• The small group assignment being then worth 20%, the remaining 5% of the current assignment weight will then transfer to the seminar group project, which would keep the same criteria, but would be worth 25% of the course grade instead of the current 20%.
  • Change the Final essay world length, currently 3500 words, to "between 3000-3500 words"
So, the updated weighting would look as follows (changed text emboldened.)

20% Four individual written research presentations (4 x 250 words)
20% Two group written research presentations (2 x 400 words per student)
25% One group written evaluative presentation (1500 words per student or equivalent)
35% One final research paper (between 3000-3500 words)
I will discuss in person with Thursday seminars, and then send an email to all class members and poll the preference.

Art, a criterion of: from SFU Peak.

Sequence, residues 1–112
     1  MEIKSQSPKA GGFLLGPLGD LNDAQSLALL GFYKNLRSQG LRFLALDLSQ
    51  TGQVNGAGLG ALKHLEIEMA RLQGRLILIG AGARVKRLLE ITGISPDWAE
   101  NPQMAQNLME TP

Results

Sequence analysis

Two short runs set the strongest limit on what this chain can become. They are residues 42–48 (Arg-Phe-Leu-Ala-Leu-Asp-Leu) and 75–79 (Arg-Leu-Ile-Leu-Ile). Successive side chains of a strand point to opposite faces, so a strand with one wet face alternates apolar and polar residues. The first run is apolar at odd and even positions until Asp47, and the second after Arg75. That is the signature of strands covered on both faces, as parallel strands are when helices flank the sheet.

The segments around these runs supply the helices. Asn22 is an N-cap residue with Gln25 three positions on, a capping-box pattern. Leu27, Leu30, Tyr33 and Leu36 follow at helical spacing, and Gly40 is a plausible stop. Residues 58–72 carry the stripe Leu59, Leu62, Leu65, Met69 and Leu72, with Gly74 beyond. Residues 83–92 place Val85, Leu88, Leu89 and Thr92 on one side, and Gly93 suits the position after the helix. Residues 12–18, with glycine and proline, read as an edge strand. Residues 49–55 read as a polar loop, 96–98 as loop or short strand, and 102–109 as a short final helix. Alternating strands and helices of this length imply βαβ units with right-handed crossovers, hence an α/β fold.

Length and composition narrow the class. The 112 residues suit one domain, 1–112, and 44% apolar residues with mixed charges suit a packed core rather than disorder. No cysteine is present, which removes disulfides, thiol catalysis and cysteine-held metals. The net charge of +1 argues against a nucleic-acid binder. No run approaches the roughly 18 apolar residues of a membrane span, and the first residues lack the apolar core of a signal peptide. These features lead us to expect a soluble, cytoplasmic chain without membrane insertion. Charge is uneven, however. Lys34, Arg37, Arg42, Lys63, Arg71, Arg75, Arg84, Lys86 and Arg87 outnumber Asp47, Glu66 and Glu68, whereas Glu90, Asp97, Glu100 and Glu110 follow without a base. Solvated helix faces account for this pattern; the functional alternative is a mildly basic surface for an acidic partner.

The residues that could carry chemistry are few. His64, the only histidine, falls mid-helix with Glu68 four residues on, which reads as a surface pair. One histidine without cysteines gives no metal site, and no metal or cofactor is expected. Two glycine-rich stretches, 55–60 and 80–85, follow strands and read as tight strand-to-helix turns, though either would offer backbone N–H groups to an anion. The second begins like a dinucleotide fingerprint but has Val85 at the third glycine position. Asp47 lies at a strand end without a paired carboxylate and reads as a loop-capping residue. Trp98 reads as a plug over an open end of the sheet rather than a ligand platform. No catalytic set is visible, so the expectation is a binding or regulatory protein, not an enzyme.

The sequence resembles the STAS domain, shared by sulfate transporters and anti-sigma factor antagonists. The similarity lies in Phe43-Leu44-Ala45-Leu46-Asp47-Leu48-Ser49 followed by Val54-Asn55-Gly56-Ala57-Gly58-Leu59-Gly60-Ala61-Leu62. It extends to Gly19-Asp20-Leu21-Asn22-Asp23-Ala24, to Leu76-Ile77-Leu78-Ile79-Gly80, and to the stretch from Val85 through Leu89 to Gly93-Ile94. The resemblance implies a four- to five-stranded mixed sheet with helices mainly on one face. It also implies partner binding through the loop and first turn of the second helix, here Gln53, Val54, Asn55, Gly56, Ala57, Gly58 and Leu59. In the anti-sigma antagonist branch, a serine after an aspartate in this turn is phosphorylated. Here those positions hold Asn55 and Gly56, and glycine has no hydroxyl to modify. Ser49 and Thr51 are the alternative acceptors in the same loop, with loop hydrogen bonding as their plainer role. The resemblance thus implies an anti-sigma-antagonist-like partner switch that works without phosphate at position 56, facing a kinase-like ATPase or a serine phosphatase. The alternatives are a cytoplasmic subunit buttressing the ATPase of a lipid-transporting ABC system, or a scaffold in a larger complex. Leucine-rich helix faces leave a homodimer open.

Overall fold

There is this useful student article (albeit with some errors of grammar) pertinent to our inquiry into valid criteria for art, published in the current edition of The Peak.

Monday, October 15, 2007

Reminder: Assignments Schedules Available OnLine

A reminder that I have made a grid of all your Small Group & Individual assignments available at my online filespace.

To increase the convenience even more, here is a list of direct links to each.

This is an opportunity for you to verify that you are scheduled:

  1. for four, and four only, Individual dates,
  2. for five, and five only, small Group dates,
  3. in the dates that you have written in your agenda. (The dates online here are taken from your hand-in sheets.)

Saturday, October 13, 2007

Creator & Created

Update: There is a vastly superior review of the Schultz biography here, at the New Yorker magazine online, and featured on today's Arts & Letters Daily. The review is an outstanding example of analysing comics effectively, substantially yet without ponderous pretension.